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View Sample Pages : British Press, October 25, 1820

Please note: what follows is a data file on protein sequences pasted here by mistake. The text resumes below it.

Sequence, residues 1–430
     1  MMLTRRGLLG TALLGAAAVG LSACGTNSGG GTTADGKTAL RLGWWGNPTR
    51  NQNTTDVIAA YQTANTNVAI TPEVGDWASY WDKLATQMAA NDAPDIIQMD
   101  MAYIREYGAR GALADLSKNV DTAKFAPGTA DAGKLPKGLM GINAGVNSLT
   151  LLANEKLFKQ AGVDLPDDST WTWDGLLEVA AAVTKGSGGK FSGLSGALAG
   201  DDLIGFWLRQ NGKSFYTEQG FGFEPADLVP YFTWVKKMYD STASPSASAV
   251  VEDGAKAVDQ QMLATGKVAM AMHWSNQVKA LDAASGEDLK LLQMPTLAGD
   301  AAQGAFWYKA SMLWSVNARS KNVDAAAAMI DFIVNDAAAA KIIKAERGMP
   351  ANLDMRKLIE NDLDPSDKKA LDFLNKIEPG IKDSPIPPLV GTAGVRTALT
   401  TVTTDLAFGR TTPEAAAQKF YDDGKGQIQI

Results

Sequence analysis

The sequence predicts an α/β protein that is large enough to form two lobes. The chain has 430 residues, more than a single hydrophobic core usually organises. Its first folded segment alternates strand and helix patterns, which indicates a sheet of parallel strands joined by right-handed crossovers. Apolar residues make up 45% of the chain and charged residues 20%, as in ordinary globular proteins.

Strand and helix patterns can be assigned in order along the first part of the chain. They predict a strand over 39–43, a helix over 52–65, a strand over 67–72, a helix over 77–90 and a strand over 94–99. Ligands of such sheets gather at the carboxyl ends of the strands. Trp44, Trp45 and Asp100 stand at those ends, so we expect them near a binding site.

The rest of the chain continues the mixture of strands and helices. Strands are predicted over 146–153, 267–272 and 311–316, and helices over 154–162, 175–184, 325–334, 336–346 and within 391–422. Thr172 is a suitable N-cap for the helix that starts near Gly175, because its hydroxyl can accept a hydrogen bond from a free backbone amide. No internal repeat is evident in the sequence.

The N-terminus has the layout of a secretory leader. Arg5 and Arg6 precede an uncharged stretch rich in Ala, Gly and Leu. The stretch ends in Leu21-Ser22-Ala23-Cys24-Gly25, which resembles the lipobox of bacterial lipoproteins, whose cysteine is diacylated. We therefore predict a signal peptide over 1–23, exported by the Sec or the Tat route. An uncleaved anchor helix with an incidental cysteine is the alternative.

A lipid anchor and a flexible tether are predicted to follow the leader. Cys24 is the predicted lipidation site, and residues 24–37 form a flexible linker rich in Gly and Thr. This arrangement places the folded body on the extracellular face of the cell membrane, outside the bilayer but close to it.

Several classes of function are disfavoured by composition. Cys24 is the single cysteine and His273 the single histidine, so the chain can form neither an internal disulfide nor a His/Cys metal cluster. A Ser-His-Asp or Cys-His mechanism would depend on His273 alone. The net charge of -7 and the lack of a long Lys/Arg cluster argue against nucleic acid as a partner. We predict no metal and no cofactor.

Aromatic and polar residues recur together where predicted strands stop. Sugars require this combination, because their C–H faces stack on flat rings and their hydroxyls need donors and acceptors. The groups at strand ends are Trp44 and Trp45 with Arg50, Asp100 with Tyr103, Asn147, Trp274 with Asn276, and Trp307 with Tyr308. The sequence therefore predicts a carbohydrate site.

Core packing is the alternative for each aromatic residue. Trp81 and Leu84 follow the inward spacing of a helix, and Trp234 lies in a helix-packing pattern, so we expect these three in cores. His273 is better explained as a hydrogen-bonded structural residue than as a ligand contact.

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British Press (Newspaper) - October 25, 1820, London, Middlesex "J THEAtRBmOYAL, COrtHNtrGARDEN. THIS EYi^NLlNG/WEQNjESbAyr^O 25. wiil be^erforpned the Musical Dnuna of � KOB ROY MACGREGOR. Sir Frederick Vernon, Mr. Egertori; Rashleigli Osbaldi-Mnne, Mr. Abbof.l-; Francis Osibaldistotip, Mr. Diirusct; Koh Koy Marere^or CBinpbell, Mr. MacreRdy ; Doufrnl, Mr. Kmery; Baillie^SiCOl JiiiTic, Mr. Lislon. Diana Vcroaii, Mi>sGreene; Hclcn^Macgrteor, Mrs. Faucit. After'tthich tiie FaiTP of I.OVE,'LA'W; and: PHYSIC. Dr. Camphor, Mr.-'Blanchird; Flexible, Mr. Yote� ; Lu-liin Lop, Mr.'Lisloii'; Aiiilrew, Mr. fcinery. Mrs. Hilary, WfB.Gibbs; larti'ai'MVs.SicrliiiR. A Private Box maybe had for llie Season, or nighlly, of Mr. Brandon, at tlie Box-Ulficf. Places for the Ro^eslq be (alcen of Mr. Braiidoq,at the Box-Office, Haij-street,from Ten lil^ To-iw>rrow, Siie.Sloopi lo Couqaer-the Ballet of Pygmalion-nudCiizenine.i , On Friday, t]ie.>t.asical Drama, of The Antiquary, with A Bolanri foraii OMver, Gti SatHfdigrvtl'SvMusical Romance of Henri Quatrc, wUb IheBjJIe^i^J^^clisBftjd'lWdiW* .�.�-v...... Qiiraedy offTwelfihMiehl has been for.some time ill pre{)9ra(ipn,Jind win^preilily:be produced ; in^ivbich will be introduced.^iies, Duels; Glees,- and Ghoriises, s*-Jrclod eniitely from the J Plays, ..Poems, and -Sounels of Shalispeare. . .,~ ; . . OLYMpie- THEATRE,-NEWCASTi-ESTREET, . . .STRAND, THIS EVENING. WEDNESDAY. Oct. 25, will^ produced (ihird time), an entirely new,occasional Prelude, entitled,' T,0 BE,LET BY AUCTION. The principal Cliaraciers by Mr. Wrench, Mr. Oxberry, Mr. G. Smith. Mr. Kirby, Mr. Vale, Mr. Herring, Mr. Rnwbulhani, Mr. .Salter, Mr. Ck>zan, Mr. Howard, Mrs. "W. S. Chailerley, Mrs, Laiepby, Miss Witham,- Miss Hea-ley, and Miss Turner. , An Occasional Address will be Fpokcn by Mrs. W. S. Chat let-ley. After the .Prelude the popular Burletta of ROCHESTER: Or, king CHARLES TnR.SECGND'.> erhry Ticift, lias iJiereby been ^enabled lomate anucb grander Schemes than the usMal allotment of Prize-Money would bave allowed. The:Scheme of the present Lottery-lias already Ijcen siibinitteri, at full lrng;lb, to his best friends, Ihe Pnhlir. it will be seen, that- with only 6,800 Tirliets, 3,100 Numbers, No. 1 to 3,400 (Two Tickets of each Nutn-^irr), there are Two Prizes of 2rbich wilfbe drawn Filit D�y, are cer/a;n of obtaiiiinud/N^ep.yf .- . T^Vp, ,PRIZES OF �20,000, as Ihe Fifth-ilr^wii Bfize, /'irs,�00. {I^hares pariiiipaie in Ihcie advantages ) T. BlSH does un.t iiilend to make any reserve of Tickets, tliertfore those persons who wish to have the same. Nilmlier in both Closm, may,\l not:already soid, nhtain ihem ; tint fioai the Numbers being so limited (1,700), not any lime Khuuld be lost, as the supiilies to Ireland, Scutlnnili and the Counti-y i^j^ents, will take immediately a very great portion of them. . TICKET.S and SHARES are sellini; at the Crtntrartor's OOices, 4, Coinhill, and 9, Charing cross, l-om'on, and by bis Agents in the Cniinlry. No. 3,645, a Prize of iO.OOO/ besides other Capitals, in the Lottery just finished, was shared anil sold by UlSK. ' The Prires of Stocks are affixed, hourly, �I BlSH's Office, in Coruhill, by which the Public may sec the flue-Tnanons, STRICTURES CURED. > Y H new Method tlie qbove trouhlpsotne Cotii-plaint is entirely eradicated ('withoHl.ihe use of Bousie or Canstir), whether of long or 8hortsta�diiig, except con-stilulional, as well hi all weaknesses generally accompanying it, and in tt short lime the whole system is re-csla-}>lssbrd, being one of the greatest dip�ctab!e references will be given if required-All letters to be pcst-pniil. ^ N B.-The ^ic� of the Metficine, it Five Pounds a parrel. A peife'f-t Ciire fur BiKous Affec'lio'o and .6b�truclion in th� B�weis:' TO THE VOTARIKS OF BEAUTY. � UDSON.'S no lA N \C r(;0 TH-POW- DER, recommended by many eminent Physicians,: is prepared of,balsamic vegetable.'.-, of mild detersive proper, ties. It is eiitii-ely free of those ciirroUing arids which'form the basis of'. rs, mid which eventually prove s.) destructive. ,U'h?n the tiefii are loose, iurthcenaniel ih-jnrei], it f^^lens Xh^emln the one case, and revives thc'eiiamel ' 111 the other; it,reinores larlar, cures the scurvy, andpro. ' lincep a Ite-dlfhy reilnebs lo llie giim.-4, a pearly w.hi'euess to the teeth, lo ihc hroalh a balmy fragrance, and is -nn infallible prei-ervative against dec.iy and the tooth-ache. I'riee 2s. 9J. ,. , . Also IIUDSON'S/UUILE DIVINE (recommended by the hile Doctor Hiiiitcr), prcterves, an.l beautifies the hair, anil iihcit it has falioii till'from illness, perspiralioii, change of climate, or au.y,c.'�n/ie which deprives tlie liairof uiiirition, nnil prudnce pr^niaturi;.decay, by using the.Huile. Divine, it. nssiniilates with m-.sttppjies the pUce of llie; oiitritiveiiJoid, and the Hair as formerl". See. fitrihf-rJeinciilatioii anil iibtiinoiiiesof i^s.cjfficacy in a Pamphlet,tentitled "An liAsay (III Ihe Hair,','ijiclosedround each.bottle. ,Price3si 6U. -7s. Cd -anilioiicgutuea. , .. ' ; �� �'��*>  Sold by the ^Proprietor's Agent, Mr. Atkinson.'PrrfunriPr; jVo. 44, Gerraj-d-:sll-i.ct,-, Soho-sqiiar ant] irfiatt'line of tbe jeiiV--'\tt � November, 1816; � ,-i  � � ' Wjiowa� present at (hat convermiiiiu> I ilb ifDt tetoltect lhat any one was present ?  ��� :' "� �  Try to recollect ? -Itwaa wli}trwe'�l?ire'bi�ctionMabun� Bergaani^R^iltiitg-at'tabli^ ? Tliere was no ubjectian ludber Royal Higbiiresii at alt-(A luxtrjh)  �' : : � ' *" thelpleolidn the Lurocji igornijil.hialiaSilllo^at length into evid4>ncein repfyrandtlif^tliia'thlj^ to divert onriiiiiidsfrom iljat conuexioH with thejcase ^de ^t|Wn the other 8ide,jivhic1i| it wa� necessary'foV batfli'preserfe, In the iMfntenipUiipn i.f being jje^uirwl, to praV^jMt'inijme. flfitely with ur siimiiilng up. But 1 >hopJd iijive bisen wanttiig in my dniy ifl bad'iblfered any cirinnistwice Pk'^ice t.'i^ ,r., 7d. slaitdard Workti, and all-the-mudern Publications that ha-.-appeared to the-present day; to which will be regularly adiied,-every New-Work as soon as published : Subii'.ribers paying 5/. .'>s.lhe Year; 3/. 39. the Half-year ; or U. 16s. ;per Qnarter, ni-e allowed Twelve Volumes in Town, and Tweniy.fonv in the Country; and are entitled to the newest nhd most expensive Works in the Library. ' Snbseribers paying 4/; 4s.the Year; 2/. 12s. 6d. the "Half, 'year; or I/, lis. Oil, per Quarter, are entitled to Eight Volumes in Town, and Sixteen in the Country; including New Publications in the octavo or duodecimo sizes. Subscribers paying 3/. Ss. Ihe Year; 2/. 2s. the Half-year; or I/, fts, the Qnnrter, are allowe.l Six Volnmes in Town, and-Twelveiri the Conntrv, Iml are not entitled lo the iinmediale perusal of New \Voik�. Visiting Cards neatly engraved. THE QUEEN'S TRIAL. HOUSE OF LORDS,'Tuesday, Oct. 24. The House asoeniblH this morning, as usual, at ten oVInCk. The Lnitl Chancellor look hii sent on the wool-sack. Prayers were read, and the House culled over. Earl Grey then rose and iibserveil, that orording to Ihe anulnguns practice of the Courts hi low, Ihe House ought to be put inlo ilie possession of Ihe original depositions of the witnesses for the prosecution which were taken at Milan. He proposed, if tho�e deposiliuns were hot laid before Ihe House, to make a specific mblion, when the proper stage of these proceedings should arrive to secure the possession of those ilepositious furihe Boni^e. The Lord .Chancellor begged leave of their Lordships lo slate his opioiitu ojion Ihe ap|iliraliun which had been made lo-ffie^Housc by the King's .4ltiiriiey-General for delay, in order-to bring over-Colonel Brown In give evidence in Gun� tradirtiuD of -iiarticiilar parts iif the testimony prpduceU fot' the defence. H* bad ' caiernlly p>.>rned the book' Of evidence, and his conviction upon the whole was, there were no sntBcieot grounds stated to induce the House to grant ibe ap|�licalion. There was very litlle of the evidence whirh could malrrially nfft-cl Ihe character of Colonel Bniwn, and that which inighl he supposed the most materially to aflFect the ch-irnrier of Oilniirl Brown, had uccnrrrdfull Iwnmiinllis hgo,siiire which KHlTicieul time had (dapsed to enable the Counsel for Tlie Bill lo consult with Colonel Brown, and to lake measures lo produce him as a witness, hfid that been Ihoiight neressary. The Eail of D.irnley prolesli-il most solemnly against going on aiiyforthir in lhe�e prneeeilings. His LorrlBliip stated three grounds opon wliirh he olijerted to proceedin;;: the ,tir9t wa.�, the developeiiieiit which had taken plai-e with regard lo the absence of Itastelli; the second iirose from the correspondence which had occnrnd with respect to the prevention of B.-iroii' d'Eiide's attendiiiu'e; lastly, Ihe otter iinpussihillty of examining inlo the qneylioli of conspiracy with res(>i'Ct to Ihe Milan Cooiintssion. These rireumstanres rfiulered It impo.'ssihle to ilo thatfiir .ijid er|tml jiislire which was due to Ilie connlry, n�i lens to the Queen, and the House hail no other rom'-dy for the evil than lo refuse ip pniceeil The Marqnis Camden bore lestimony to the excellent and gallant character of Colonel Ibown. In funrleeii years of haid military service the Colonel had hi-rii seven times wouoiled. His l.nrilsliip wns eciiiviHceii that there was no man who coiihl f�-el more dauntless anxiety lo face inquiry than Colonel l*iuwn. I.nrd HoM'ind ohjeeted to the prstclire nf Peers rising up to eulogize any individuals who might have been implicated by the |irnceer the second time of the l*rirce�B*4 being on board-tbe Vlorinde. Did you make any uutesi of this conversation ? None whatever. Have you a perfect recolleclinn of it ? Ves. When did you first repeat it ? 1 mentioned it several timea in conversation, and it was brought to my remein- . brance by a letter which I receiv.d on>tlie subject. How lung is it since you received that letter on the subject ? About seven or eight weeks ago. When the proceedings jsere going on in this House? Yes, 1 was called on lo say if such a conversation liad happened; 1 answered the letter by aayiug that it bad. I'hat letter brought it lu your remembrance then? I always recollected the conversation. Can you name any .person lu whom, you bad ever mentioned it? 1 remeniber telling Sir George Cockburn, thai such a thing bad happened. He is on? of the Lotrds.uf the Admiralty ? Yes; it was some time ago. How long-ngo ? I am at a loss to say-It may be ten miiiillis ago-long befoie 1 had any idea of being brought as a witness. Sir George.Cockbr-rn had;been asking you qneations then ? No; I forget what led to the cunTersatiou, but 1 remember ihe fact of iny lelliog ititu him. You have bad the honour of dining with the King, I believe? Yes, at Porlsmonlh. Sineelhe proceediog^coinmencfd in lht�.Uouse? Yes. Jttexamined Oti tlie Attorney-General. Have you the command of a goard.shrp at Fortsmunlh? I have, of tbe Queen Cliiirlotte. incaoVaitebcelo your Lijrdships: 1 shal/thereforeiroj jLgrdsi ilt'fiintie, antflM"''*'*'^ *" ^ acquitfiil fpiitl all arid every; . one bf those charges which yuui* Lordships have pernrjitied yourselves to' try agai'iist the. Queen of E!ngl,aud.-'( J wish .'to proceed Id ibis gieai and isolemniuqoirjr.with ajl thC calmnr�� i�ud soberoes* of Jqilgoieni that-.Jbe, isjport- -ibfe" iDVertafeai'riry cootesta which in*e aboon^ed.tfar�2H- 'ili-i�en, soitiW tblnjis'rti'ay have, Twen'..ibat appeared haraii in their nature, or severe in their application, I Irust And had al the time his Majesty was there ? Yes. When yon dined with bis Majesty there, was it in company with other OlBcers who had paid tncir' t'esppcts lb hfa Majesty ? Vf�, wilblh^ Officers of Ilie-NaVy; all the Cajii laioa without exceptioti were pira�(!�."-- f^;* By a Peer-When the conversation yijn have related took place-willi Lieutenant llownam, cair you swear positively llint the words he used were, "I ftnrc 'gone on my knees," and so forlh, aud out, " 1 roiiM bnve gone on my knees?" 1 understood him lo say that be lind giiae mi his knees. I' understood Captain Briggs to say-iihat .he had not made any mrtnorandnm of the cnuvfrsalioft, and that Ihe time he first mentioned it was-Ave years after it tiibk place ; can Captain Briggs charge his memory, so n-s to speak witli certainly, with Ihe pdiiicular words spoken in conversations that have passed, five years ago? I remember the words used on that occasion, fiom Ihe circumstance nf having called lo my i-rcullectioii my explanation v^ilh Captain Pechell. When the words yon have nientioncd'bad passed with' Lipoleannt Hownam, did you conceive that the circumstance of Bergatni having sa! at table wilhlier Royal Highness first arose out of any thing particular at tbe lime, or Ihai it was Ihe consequence of some settled ari-angement ?--' The Attorney.Geueral made some objection t� the question, and after ir few words from Lord Laudenlale and the l.t>rtl Cli'-iiieellor, it was pu', wlietlier Captain HrFggs knew thai it had arisen out of any particular circumstance at the moaiHiil, or was the result of previous arrangements? I understood him,- in answer lo a question tvliich 1 had asked hintr that it bill happened on the day when his stinalion was changed from that of a servant^ lo that of companion. The Allorney-Geoeral safd, that iu'the present srlua-tioii of -Ihe case, he would not trouble their Lordships by calling any more witnesses al prCNCOt. He would only now humbly move their Lordships, af C^iptaiii Briggs- had professional flutiea to attend lo at Porlsmonlh, that the order lor his attendance shnnhl be discharged. The Lord Chancellor asked if the Counsel on the other side coiiBented ? Mr. Brougham said, he had no wish In give any unnecessary fouhle either to his Leuriieii Friend or to Cnpt. Briggs. The DnUe of Somerset wished I.ieul. Hownam lo be recalled to the bar. The Earl of Liverpool rose for the purpose of submitting to their Lordships, wliethrr, tu obviate the inconveniences which miglil arise from the exercise of their privilege, by Ihe calling hick ofany former witness, orcalling in any new witness al ihe desire ol" any Peer, it would not be better that some ground should be staled fir Ihe application. The Diike of Somerset said, he had wished -Lieutenant Hownam lo he called, h'-cause tie wanted further infortna-itoii on sHtne p int�. lie iliniight 'tie might explain several circninstaiK-es respecting.the tent oirboard the polacre, such as Ihe light,the di.sposition nf the tent, aud whether it ctuld be npened from the outside by any of Ihe persons on deck, which he thought it belter should be inore clearly tindei-siouil than he was now able lo understand litem The Earl of Liverpool thought Ihe reasons slated insufii-eieiil for calling hack a witness wliose'cxaminalion had gone to so great a length on those points, as it might lead] lo much iiicoovenieiice ; whAl one Nohle Lord wisheil to have explained by one witness, another might think another witness better able lo speak lo. After some coiiveisatioii, in which the Marquis of Lans-, down, Eurl v ailniiliej to iirr Kuyal Mighuess's The Liir.l Chancellor then asked Mr. Brougham whether " i lliey were oow prepared .to proceed to'the summing up? I That Geiilleniao iiplied, that in Ihe present sitnalion of the �case, ami in order to save ti-ooble tu their Lordsliip:i, they would proceed'now. - � . Air. Ueninan then addressed their Lordships as follows :-. Under any cireiiiiislauces iu-wliiehil is possible for any a.lvocate lo be called on lb proceed to the discharge of ihe solemn duly now imposed on rne, I might tvell request some indulgence from your Lordships; iiiiditinay lie that there arecircmnslances in iny sitoatioo-lhat-seeni move-particnlar-ly to entitle ine,to more llianau ordinary shaie of yoor'kind-ness. For,after the application-which was yesterday made to your .Lprdships by the Attorney-General, to piistpone the further proceedings in this case, iiulil be should been-; abled to procure the attendance of Colonel Grown, it might have .been expected that not 'a jo//fahy witncsi-not a single ipaiut,of evidence, was all that it \vas'-contemplated I of produce in. supporti, of ihia"case j in' addil idn' -to -4 hose-w;bicb'had,been.'so amplyisupidied at the cominencemenli'' ThisiL conceive to be tlie mdredeservintrof your Lordships'' caiistdei;ationi when youreflecttliatthecrosifTCxaniinatiini of thB:Wiliies�esfor;tliedefe)icelcd;pIa>n>ytdihc iRfercncethatit' Captain Briggs sviorn, and examined hij the Attorney-' ' Geiieial. You have stated thnt yon cummanded the Lei^ialhdnM Ibe lime that the Princess of Wales rmbaiked on board tliat ship ? 1 b.-iye. Do you rttiieipher Lieiilenaiit llownam being on board that ship rtilh her Royal Highmss? 1 do. You liaveslalcJ Cergaini .iIjo was on hoard that ship? 1 have. Do you rccoliert having had ronver^aiioii with Licm. IJon-iiaiii on the piibjcrl of ner^.-imi? 1 do. . -Thai roiivel-sariotl was rrsprrliiig IJerg-iini\s being adintl-led to al ihc l'rinre.=s'f l^iLdr? It �-as State wliil il was lliiil Liriil. llov.-nam siid' I observed to Lieut, llownam Ilia! Cap'. I'.ciiill had lold ine that Hrr-ganii had slnod bi-hitid his rliair wlirii lier Uoyal Uighiiess t>tb!e ? He replii-d th-Jt lie was sorry it wa-i so-thai he had ei>ti-o.-ilcd her Itoval 11 ii;lmer;s on Ins knees, and u-iih lears in his rye.i.i - - ' ! :i! � 'Cfas'.irci'OJUinctl 6_y J/r.BrQagnam. , , , ' J^'hrff 'you' iliif'c^,it:V'cWi?tiou ,,op the �u bject' of; Ber- it will be'atl(ibuted lo an excess of lhWt,itatiiral anxiety which il is peculiarly the nature of ttis,rase, to call up. We bave-beeii charged with making use of ibveclive, decla-maiioiiy and Violipnce, for Ihe purpose of prodticiug an efic-ct, not in, but out of doors; nay, I miisl beg tciive to etate,tbat my Leariied Friend teemed lo Ihiuk lhat n some occasions we bad borne loo hard upon him. But I most disclaim all in. tenlion ofbearing bard upon htm, or casting any impntalion upon his honour aiid character; and therrf.ire, if from what fell from me yrstirdHy he seemed to Ihiiik that 1 questioned his veracity, I beg lo say, that if any thing which dropped from nie could be clothed with such a suppusilion, and could seem to warrant such an assertion, I unequivocally retract it before the assembly in the face of which it was made, and am surry lhat any languBge of mine should have led to such a mistake. , I have no intention of giving uneasiness in any ciuarter, but I must say 1 h.ave fell it deeply, and often, ip Ibe course nf this proceeding. Therefore, il is impossible for a man not to ask indulgence fur any warmth he may have . expressed; because our il'us. triout client has, from the moment of ber first selling foot in Ibis country, been the victim of the most ciuel oppres. sion and Ihe most dreadful aud irreparable wrung. That galling recollection has attended us through'the whole of these proceedings: it must- (�e our i-xciise for any warmth inlo which we may have been betrayed, and, llierefore, without any further apology, we shall proceed to the consideration of Ihe case.. But, my Lords, while 1 disclaiui all personal impntalion on my. Ijearned Friend, I claim the right of adverting to hit conduct as an advocate ; for, from Ihe conduct of Ihe advocate, we colled not only Ihe impressions of his mind, but also the nature of the inttructiont under whirh be is acting, and the spirit under which the prosecution is condncted; and I must here call yobr Lordships' attention lo Ihe spirit of the case which my Learned Friend has the misforlune lo direct-acase, ibe weight of which has more than puce picssed bim down -a case which iiolbiug wilbin (he scope of purchase, nothing within the scope of humaii ambition, could have indnced me to purchase. I speak of ihe office which,ray Learned Friend has undertaken in the prosecutipu of .the BiM bf Pains and Penall'^,'lo divoi-'ce and degrade the wife of (be Ringof England. In order to see (he'nature of (he proof brbnght'funvard in sopporl of thi.f charge, we inuat lookiu Ifie natilre-ar tlie charge itself, liuiist'theirefiii-e ag-.iin refer lo Ihe mnde of the iudictment. [The Learned Counsel re-capllulsled here the preamble of the Bill.] 1 am aware, my Lords, that you are noder tbe second leadiiig of this Bill; and that 1, in addressing your Lordships, have merely to apply myself lo the nature of Ihe proof brought forward in sdpp'ort of the allegations laid iu that preamble. It has been staled, anil the whole preamble goes lo charge it, and il has indeed been proved, that Bergami had been in a menial situation in the service of her Royal Highuess, and had been afterwards promoted ; it is true also, that several of bis relations were also taken iuto the service of her Royal Highness; it is true, loo, that Bergami receired several marks of favour, bestowed both upon himself aud his family. In Ihe preamble of the Bill you are lold that he oblaiped titles and orders; hut it should have been shewed that those titles and nrilers had been procured for him by her Royal Highness. All lhat yoii have heard is, that at one period be was withnul tiilrs, nod thai al a suhsequeut one he possessed them. Bui there has not been a little of evidence toshew how he obtaiurd ihem, or lhat her Royal Highness was, in any wny, instrumental in procuring Ihem for bini, except, indeed, that the conferred upon hiiu a pretended order of knighthood, which she is said to have instituted without any legal right or authority so In do. But, my Lords, I think, before this pari nf the preamble was charged as a crime against her Majesty, we ought lo have heard something lo prove thai none but Koyal peraoiia had a riffbt to instilnle Orders. In my inquiry 1 have found that many persons li-ive instilulcd Orilers,iiot possessing sovereign power. In France it has beeu done by individuals not so gifted; and there was, 1 recollect, an Order instituted .^by three brothers, who were Italian mercliantB (their nain^s 1 cannot now rrcoUecl); all whirh goes to show that there have been precedents of this nature esinblished by persons below the rank of royalty. I treat this part of the ques. lion with seriousness, my Lords, because it is so treai.-d in the preamble of Ihe Bill. It is charged against her Royal Highness as one of Ihe acts of invasion of the Royal antho-rily. When this is the first instance wilbtii six ceiiluries of a European Priiicf-ss visiting the holy sepulchre, there can surely be no crime if she, delighted with the adventure and struck with the novelty of all aruttnd ber,does lhat which the Duke of Orleans and the Duke de Binirbou have dune liefoie her-institute an order of knighthood to reward those who accompanied her. I can hardly suppose, that this CJii be visited With any peculiar severity against her Royal Highness, though il is the charge against lier which has beeu best proved. My Lords, Bacon says that Princes sometimes amn-ie themselves with the toy of trecting buildings, and sometimes with the toy of creuling an order. This Illustrious Lady is proved to have erected au additional wiiig to the Villa d'E-te, which, 1 nniltrstaiid, is iu the best taste, and no discredit lo her Royal Highness's judgment, however it may dilT.-r fi-uia any of those buildings recently erected iu this country. 1 cnuie now, my Lords, to the charge of adulterous intercourse, aiid the real question fur your Lorilships' consideration is, whether the- adulterous intercourse has taken place ; between her Majestsly the Queen of this realm, and Barlo-lomeo Bergami, and whether thai intercourse has been c-ir-ried on under such ciicumsfanccs as to bring scandal and disgrace upon the It'iyal Family of this country, as alleged in ihe preamble of this Bill. It is well known lo your Lordships lhat we were left in the dark as lo Ihe places where and the limes when this adnlier- j of a Grntlcmaii In ons intercourse was supposed lo have taken place, The AltorneyiGenerars opening speech was onr first billof iii-diclmeut ; from that alone'cijiild we learn the spe.eiljcalion of Ihe charges; but not a witness was therein namedby whom any one of those chaiges was to be supported, ailil the,only way in which I c.^n go into the examinatidii .of ,t,he .(hrogli this to throw a colour over Ihe wlinle of the case. ,,",,puihal uiphh," said the Altdrney-Generalj "her Alnjesiy , ordered her paramour tu sleep in a r�om edjainioglo firr amn, that she might haVe easy access lu Him, he ha-viti^ bp to that tinie Always slept atadislancefrooi her. Wm. 4uslln, a.fbild about seven years of age, who lill that night slrjJt in Bci-Majettjr'a aparlmeot. Was removed to amjlhc-r room lo sle^pj .lo enable Ibrm to carr^ on the adulterous interrortfsenn^ir ;the snivject of fheie proceedings. Her Majesty leluriied earl|;- tbpt night from tite npeia, and was �.*eii going to tbe, room of Berganii. afld she was noticed by her fe-tuaja alleudant (Demodt) to he exirPriiely agitated, and iicxt moroiij^ it was observed lhat the bed of her Roy'al Highness had not been slept in." .This was not till: It is added, that on the fullon-ing morning �he \*ai ml visible at the usual hottr-lhat she remaim-d in hei apartment locked up wtlh this man In a late period of the day-ahd tltal several persona of rank who called opon ber wcnr re-fusetl adftiillaiice to ber presence-und that then; aj a Consequence wbicb follows upon all these facts, and which is ;t niatrrial on^, that this iiidi-i-idoat bas become overbearing td tbctervauttj S^pd familiar toward* ihe mistress wlid iiaup-tioaed-' to- be. f(*-cmmecteti. .'iuch is the change wtiidb m^a swpenetl by �ny:L�a�-ned Friend, and snch tire the facts ttpou ,�hirb, if proved in eyideiice, I feel that only on^ Conclusion could have been drawn. But my Lords, if il shall appear) upon looking narrowly at what bas heeii proved itnd sworii^ lhat no one of ihefte iniportaiil facts lhat can be contradicted is ill fact true; if il ahall be proved, that instead nf her Royal Uighopss rhangiog tbe rooms, it was done by Sicard, the Master of Ihe Household; wilhoot her knowledge or consent, in conseqnenee of the ificonvenienre which had arisen from the bustle of the preceding night,; if it shall appear that it was considered lhat it was citsafe fur her Royal Highoess lo sleep without a man being neat- the garden,, and that Sicard did it; if so far from Williaiii Austi.T constantly lill this y Carrington, that he made Wm. Austin's bed, and that he slept out of Ihe room of Iter Royal Highness whrnever ihiw was an opponunity of sodoiog; yon will find in pnge 53& aud 551 of Sir IVin. Gell and Mr. Craven, thit Ihey slant uncommonly late al tbe Opera with her Itoyal Highness; aud yon will find by the eviilence of Diniont heiseir, ec page 240, that .she was not thereby ai-rident, hut was ai-tually sent for by her Royal llighnes-i, her lo wiinrsi all suspicious appearances ; you will fiml in the following page that Iter Royal Highnei^s did leave her aparlnient -u the usual lime ; you will find in Sir \\. GelTs eviilenrc, page .^60, that he actually at(*^nded her Royal Highness i-. the door of b'-r bed-room. Then thir=' is an abti-nce of aM proof lhat Bergami was either missed at breakfast, or that any thing of tin- sort occurred to m-ike it probable lhat t.i was lucked up with her .Majesty-ami with regaul to wb-it follows as lo the supposed insobnre of condiiel, the sn;!. posed assumption of consequence, there is not one word of proof. I admit in the fullest tt-rra=, in the language of iiiv Learned Friend, llrat if that had b*eii proved that would have been a m-cessary conser|ui-iice of an intercourse; bni, my Lnnl.-i, there is scarcely a page,)n Ihe whole of tbe tvi-dence callt-il on the p-^rt of her iMaj.-sty that ilics not , go to ii*'gative lhat inference. ,My Lord":, if tbi.^ indi-vidiisil had ht'-n Kallcd to tiie itnht-acrs of his Royal-Mistress, it is impaisible hut his manner would have bs-trayidil; but, on llic contrary, yon have i| in evidenre, lhat from the first to the last of his being in the hooi.e wlrh her, his comluel w:is that of a resperlfnl servant, to an afta-ble mistress iindollbledty, hut one who never lost her dip-nity. He is proved from first to last, fo have peifurmul the duties of h;s station in which he wis p'ac'd. II jOCcnrrcd on the first night of b%'H,nj^sly's arrival al Naples; , he very much tumbled on the following morning. Now, iand the mode in which that charge was'slaled, the comnie.ils , supposing any intercourse to have taken place on that night, by which it was nccompani'ed, aiii'd the force with which etfery ' where could hrr Royal Highness Ih^ive shpl' " charges, and nf Ihe proof by which ihey aie sustained, is | :by following the course of thai speech in my observations ' oil the statements it cooTaiiis; aiid comparing with those slale�enls the evidence addrtced at youi- Lordships' bar In jininulc particular was dwell On by my'l..earned Fi^iend the lAllorne^-General, inhisop't'ningorihecasc, Icudcd toreuilcr 'it the tndat itnpotttiiilofii11''thecharg:r3; for it was aflctiVptcd r-  think itcaii hardly be supposed that, slic remained on the connterpiine on the larger bed all night. There. lunsi i,e Home diKroltV'. to cunct^ivc lhat there ivas not some porlion of repose lakeu". ;